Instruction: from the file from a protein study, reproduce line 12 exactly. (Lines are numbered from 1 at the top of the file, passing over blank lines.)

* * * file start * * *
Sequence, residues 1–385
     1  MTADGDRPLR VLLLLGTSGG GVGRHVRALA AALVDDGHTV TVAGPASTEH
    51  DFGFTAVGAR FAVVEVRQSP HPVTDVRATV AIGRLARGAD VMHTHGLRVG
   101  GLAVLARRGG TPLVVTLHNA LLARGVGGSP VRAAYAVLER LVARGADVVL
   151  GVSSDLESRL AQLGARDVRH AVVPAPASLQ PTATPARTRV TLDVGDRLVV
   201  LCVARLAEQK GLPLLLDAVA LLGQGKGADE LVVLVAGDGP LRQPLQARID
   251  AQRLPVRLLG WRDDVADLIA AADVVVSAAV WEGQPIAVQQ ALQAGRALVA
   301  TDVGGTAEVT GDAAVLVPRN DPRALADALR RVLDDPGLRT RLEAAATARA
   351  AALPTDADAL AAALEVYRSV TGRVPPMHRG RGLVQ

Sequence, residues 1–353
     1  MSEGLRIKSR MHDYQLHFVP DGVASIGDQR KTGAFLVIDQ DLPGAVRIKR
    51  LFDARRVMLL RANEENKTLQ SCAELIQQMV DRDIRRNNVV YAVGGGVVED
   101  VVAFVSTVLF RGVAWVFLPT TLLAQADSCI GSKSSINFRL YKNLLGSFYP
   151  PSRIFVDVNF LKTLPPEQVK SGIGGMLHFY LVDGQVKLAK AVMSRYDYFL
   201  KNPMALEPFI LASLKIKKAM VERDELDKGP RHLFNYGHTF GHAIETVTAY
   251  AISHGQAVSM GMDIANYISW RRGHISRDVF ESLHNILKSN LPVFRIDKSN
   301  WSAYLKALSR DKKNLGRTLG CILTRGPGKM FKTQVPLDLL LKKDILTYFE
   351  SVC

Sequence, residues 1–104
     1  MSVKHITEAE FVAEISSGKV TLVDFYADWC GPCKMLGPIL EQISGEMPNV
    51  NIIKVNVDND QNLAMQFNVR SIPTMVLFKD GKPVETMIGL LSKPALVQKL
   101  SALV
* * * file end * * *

    51  LFDARRVMLL RANEENKTLQ SCAELIQQMV DRDIRRNNVV YAVGGGVVED